However, the Buddhist idea of rebirth and soul is an intriguing concept, Buddhism does not believe in an eternal, immortal, unchanging soul, as is the popular concept of soul in several other Indian philosophies (of those who do accept the existence of soul).As per Buddhism the soul is ever changing, it is changing with each passing moment, and neither is it accepted that soul exists as a single, indivisible, homogenous entity, instead, soul is considered the aggregate of body, feelings, tendencies/instincts, ideas, and consciousness; all of these themselves are fleeting in their existence, changing and transforming from one moment to another. The soul can be seen as a candle flame, just as there is a new flame every new moment (since it is composed of new melted wax and new chemical particles), but due to the rapidity of successions we think there is one continuous flame, similarly the soul too is constantly new and changing, but part of a continuous stream.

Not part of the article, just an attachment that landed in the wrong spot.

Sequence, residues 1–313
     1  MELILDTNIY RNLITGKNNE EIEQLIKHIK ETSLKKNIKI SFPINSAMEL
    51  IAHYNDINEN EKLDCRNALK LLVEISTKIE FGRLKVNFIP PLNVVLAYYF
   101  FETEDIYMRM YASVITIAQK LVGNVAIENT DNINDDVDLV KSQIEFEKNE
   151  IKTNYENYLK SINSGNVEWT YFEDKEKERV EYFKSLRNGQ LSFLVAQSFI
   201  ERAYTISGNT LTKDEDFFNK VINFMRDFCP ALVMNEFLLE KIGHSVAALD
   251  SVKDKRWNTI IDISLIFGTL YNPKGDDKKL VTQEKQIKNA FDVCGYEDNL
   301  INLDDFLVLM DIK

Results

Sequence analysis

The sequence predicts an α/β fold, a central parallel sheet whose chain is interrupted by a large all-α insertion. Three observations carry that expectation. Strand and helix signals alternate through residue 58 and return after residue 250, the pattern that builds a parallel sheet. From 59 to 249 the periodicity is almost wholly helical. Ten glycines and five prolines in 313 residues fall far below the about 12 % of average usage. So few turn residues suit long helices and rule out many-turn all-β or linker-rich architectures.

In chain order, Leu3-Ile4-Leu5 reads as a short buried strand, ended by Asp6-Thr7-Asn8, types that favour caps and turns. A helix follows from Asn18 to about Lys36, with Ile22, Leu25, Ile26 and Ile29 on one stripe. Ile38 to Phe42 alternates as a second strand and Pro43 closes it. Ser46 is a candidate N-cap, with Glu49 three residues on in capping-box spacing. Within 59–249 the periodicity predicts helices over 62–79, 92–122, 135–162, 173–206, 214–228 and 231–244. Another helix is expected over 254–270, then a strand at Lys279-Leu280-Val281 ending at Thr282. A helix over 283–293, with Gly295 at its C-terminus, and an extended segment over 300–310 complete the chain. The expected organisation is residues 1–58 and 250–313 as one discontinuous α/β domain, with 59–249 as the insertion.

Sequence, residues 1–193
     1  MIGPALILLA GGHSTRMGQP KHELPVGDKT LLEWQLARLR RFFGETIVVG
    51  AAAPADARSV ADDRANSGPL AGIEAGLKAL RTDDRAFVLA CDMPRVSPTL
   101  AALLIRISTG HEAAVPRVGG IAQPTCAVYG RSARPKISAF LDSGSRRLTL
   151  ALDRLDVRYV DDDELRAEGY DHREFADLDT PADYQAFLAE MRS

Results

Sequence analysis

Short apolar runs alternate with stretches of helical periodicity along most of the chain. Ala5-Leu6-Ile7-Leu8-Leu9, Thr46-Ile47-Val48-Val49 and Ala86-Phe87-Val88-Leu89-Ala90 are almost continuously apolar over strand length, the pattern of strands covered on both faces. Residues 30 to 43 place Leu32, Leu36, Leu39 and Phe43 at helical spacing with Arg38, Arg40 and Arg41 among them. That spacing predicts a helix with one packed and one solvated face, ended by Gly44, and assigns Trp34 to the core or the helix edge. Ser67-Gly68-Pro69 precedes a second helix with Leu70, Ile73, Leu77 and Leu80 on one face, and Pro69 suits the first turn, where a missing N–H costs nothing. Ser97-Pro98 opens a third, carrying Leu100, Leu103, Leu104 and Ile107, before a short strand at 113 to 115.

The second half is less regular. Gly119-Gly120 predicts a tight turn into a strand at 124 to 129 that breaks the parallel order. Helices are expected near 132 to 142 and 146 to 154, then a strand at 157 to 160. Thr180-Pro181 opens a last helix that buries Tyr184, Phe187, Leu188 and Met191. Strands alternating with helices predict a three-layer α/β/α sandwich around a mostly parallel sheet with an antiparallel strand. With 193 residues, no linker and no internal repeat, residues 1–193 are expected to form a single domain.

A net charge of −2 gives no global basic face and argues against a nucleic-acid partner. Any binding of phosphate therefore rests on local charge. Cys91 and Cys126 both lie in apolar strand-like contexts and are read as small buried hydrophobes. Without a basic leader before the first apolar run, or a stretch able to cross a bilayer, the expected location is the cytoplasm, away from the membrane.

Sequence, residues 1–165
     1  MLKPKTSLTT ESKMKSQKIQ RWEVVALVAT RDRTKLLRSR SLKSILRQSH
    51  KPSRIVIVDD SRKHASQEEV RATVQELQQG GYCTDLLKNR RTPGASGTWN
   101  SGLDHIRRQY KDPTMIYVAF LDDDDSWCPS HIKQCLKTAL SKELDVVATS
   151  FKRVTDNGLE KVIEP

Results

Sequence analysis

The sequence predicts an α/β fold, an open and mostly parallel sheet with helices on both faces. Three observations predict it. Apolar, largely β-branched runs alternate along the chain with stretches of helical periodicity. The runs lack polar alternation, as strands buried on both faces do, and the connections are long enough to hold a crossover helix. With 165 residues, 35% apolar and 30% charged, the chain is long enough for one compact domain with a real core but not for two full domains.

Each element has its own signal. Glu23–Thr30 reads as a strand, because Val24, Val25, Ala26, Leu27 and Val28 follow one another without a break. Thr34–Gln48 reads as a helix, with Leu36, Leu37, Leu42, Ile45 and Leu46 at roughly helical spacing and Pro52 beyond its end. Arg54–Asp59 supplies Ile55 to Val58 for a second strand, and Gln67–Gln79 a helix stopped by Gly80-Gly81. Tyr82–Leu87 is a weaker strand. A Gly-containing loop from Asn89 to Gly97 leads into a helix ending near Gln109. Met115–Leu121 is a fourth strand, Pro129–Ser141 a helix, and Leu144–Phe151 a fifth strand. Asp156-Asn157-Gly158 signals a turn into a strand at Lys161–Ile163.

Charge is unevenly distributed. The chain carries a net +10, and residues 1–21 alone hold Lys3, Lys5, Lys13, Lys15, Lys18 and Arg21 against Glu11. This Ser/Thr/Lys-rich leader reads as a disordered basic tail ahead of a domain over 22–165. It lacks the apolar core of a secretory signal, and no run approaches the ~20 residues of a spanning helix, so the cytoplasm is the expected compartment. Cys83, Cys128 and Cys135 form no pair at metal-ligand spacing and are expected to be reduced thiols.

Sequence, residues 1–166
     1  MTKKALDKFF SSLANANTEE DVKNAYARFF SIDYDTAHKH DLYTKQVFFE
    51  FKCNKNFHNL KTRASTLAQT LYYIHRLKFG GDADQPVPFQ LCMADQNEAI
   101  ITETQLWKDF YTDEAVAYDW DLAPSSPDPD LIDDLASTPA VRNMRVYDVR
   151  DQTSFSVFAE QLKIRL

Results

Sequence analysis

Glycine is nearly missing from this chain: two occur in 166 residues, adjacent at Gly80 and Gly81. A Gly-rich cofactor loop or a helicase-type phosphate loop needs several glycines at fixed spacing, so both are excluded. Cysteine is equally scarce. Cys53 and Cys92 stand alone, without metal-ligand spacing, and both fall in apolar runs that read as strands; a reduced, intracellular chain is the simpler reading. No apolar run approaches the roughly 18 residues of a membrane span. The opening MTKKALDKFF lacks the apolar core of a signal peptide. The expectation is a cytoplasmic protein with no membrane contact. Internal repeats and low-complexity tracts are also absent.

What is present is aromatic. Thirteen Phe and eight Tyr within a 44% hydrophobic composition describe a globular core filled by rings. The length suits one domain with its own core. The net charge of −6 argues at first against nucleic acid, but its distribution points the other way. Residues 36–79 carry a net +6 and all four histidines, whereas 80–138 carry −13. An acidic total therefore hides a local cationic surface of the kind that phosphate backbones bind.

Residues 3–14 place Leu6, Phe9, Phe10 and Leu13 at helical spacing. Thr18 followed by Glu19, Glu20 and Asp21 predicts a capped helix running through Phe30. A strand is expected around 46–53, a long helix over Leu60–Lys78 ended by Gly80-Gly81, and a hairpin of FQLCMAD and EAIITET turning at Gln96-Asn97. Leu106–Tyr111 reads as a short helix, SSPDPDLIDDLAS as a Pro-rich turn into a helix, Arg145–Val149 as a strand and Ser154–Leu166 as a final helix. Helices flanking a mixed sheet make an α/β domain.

The idea of rebirth as transmigration of soul from one body to another does not hold well with the Buddhist idea of rebirth, here, rebirth is not so much soul-wise connected, rebirth here is causally (our actions serve as causes for effects) connected; to explain this convoluted idea in a simple manner, example of a candle is used beautifully, when we use one candle to light another candle, we do not say that it is the same flame, but we do understand the relation between the two, these two flames are causally connected. In the human sphere this idea gains more significance, especially, in terms of sustainable development. When a person dies, he is not reborn again as the same person with the same personality (remember Karz!, Rishi Kapoor; No? no problem), however, we all will continue to live causally. Whatever we do today creates an imprint on the world; all our actions are causes for the effects in the future, ours, as well as others’. The world is currently grappling with the specter of climate change, this change and its detrimental effects are due to the causes of those who performed selfish actions with no sense of moderation, they were excessive and extreme in their disposition, and in pursuit of pleasure. They are partly - and in a huge way- responsible for shaping the world as it is today.